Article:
So bring to mind a hardship right now. Your circumstances are not random and you are not alone. There is a Father's loving purpose woven into the details of your life—even, and especially, the difficult ones. Christ has brought you through the Red Sea in baptism, he accompanies you in the fiery-cloudy pillar of his Spirit, he feeds you with the daily bread of his word and all of it is motivated by relentless, unbreakable, redeeming love:

Remember how the LORD your God led you all the way in the wilderness these forty years, to humble and test you in order to know what was in your heart, whether or not you would keep his commands. He humbled you, causing you to hunger and then feeding you with manna, which neither you nor your ancestors had known, to teach you that man does not live on bread alone but on every word that comes from the mouth of the LORD. Your clothes did not wear out and your feet did not swell during these forty years. Know then in your heart that as a man disciplines his son, so the LORD your God disciplines you.

— Deuteronomy 8:2-5

5 thoughts on “Take Heart: God is Disciplining You

  1. Pingback: Undercover Jesus – Christ the Truth

  2. Anonymouse

    How do you advise a Christian to "play the ball where it lies" when the current hardship they experience is the fallout of the long-term abuse of an unrepentant Christian leader?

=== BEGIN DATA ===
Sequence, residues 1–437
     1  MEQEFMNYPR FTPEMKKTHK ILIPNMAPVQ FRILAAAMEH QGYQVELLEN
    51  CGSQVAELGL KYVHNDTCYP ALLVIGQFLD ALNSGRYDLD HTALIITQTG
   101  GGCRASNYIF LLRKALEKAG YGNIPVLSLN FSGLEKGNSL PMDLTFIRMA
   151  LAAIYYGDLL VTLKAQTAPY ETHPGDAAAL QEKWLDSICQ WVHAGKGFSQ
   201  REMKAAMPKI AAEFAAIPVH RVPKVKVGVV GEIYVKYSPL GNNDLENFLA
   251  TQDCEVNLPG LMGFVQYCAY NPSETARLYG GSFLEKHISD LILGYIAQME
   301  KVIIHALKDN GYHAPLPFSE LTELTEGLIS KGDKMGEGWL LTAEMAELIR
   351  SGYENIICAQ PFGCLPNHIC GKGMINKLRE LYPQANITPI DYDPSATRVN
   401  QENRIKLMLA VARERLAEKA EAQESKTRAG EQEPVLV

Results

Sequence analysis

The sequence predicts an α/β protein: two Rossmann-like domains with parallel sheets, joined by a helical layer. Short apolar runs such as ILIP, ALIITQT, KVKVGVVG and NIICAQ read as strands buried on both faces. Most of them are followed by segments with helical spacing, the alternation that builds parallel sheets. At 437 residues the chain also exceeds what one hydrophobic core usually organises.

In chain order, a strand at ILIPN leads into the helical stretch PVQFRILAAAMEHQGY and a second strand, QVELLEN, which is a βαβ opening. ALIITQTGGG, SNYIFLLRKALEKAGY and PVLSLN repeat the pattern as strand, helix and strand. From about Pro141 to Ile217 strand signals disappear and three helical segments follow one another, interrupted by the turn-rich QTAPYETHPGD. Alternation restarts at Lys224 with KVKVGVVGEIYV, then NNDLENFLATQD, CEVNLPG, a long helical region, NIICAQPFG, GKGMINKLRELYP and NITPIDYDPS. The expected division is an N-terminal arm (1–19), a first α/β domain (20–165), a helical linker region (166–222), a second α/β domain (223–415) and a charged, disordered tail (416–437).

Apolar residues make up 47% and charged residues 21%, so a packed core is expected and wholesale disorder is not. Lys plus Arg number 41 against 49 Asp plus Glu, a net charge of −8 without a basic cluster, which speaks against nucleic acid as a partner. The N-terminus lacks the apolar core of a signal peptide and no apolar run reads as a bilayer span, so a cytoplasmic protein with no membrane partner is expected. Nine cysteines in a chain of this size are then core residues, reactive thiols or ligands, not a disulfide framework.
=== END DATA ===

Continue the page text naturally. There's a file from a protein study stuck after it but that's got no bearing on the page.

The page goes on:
No complaints at all about your teaching these last blog posts. I find the idea of my suffering of being something God is lovingly purposing very comforting because... how much worse would it be not be God's doing? To have Him shrug and say "whoops, sorry 'bout that, can't be helped", that's a truly hellish thought. God doing good by it and through it: yes please.

    I very much desire to respond well to suffering and God's chastisement/rebuke, the disaster he sends for unknown reasons. I want to learn what I need to learn - it's just difficult sometimes to know what to do with God's discipline when I can't breathe because it feels like my guts have spilled out on the floor! I don't pretend you can speak to my specific circumstance but would be very interested to read any thoughts you might have! Thanks Glen.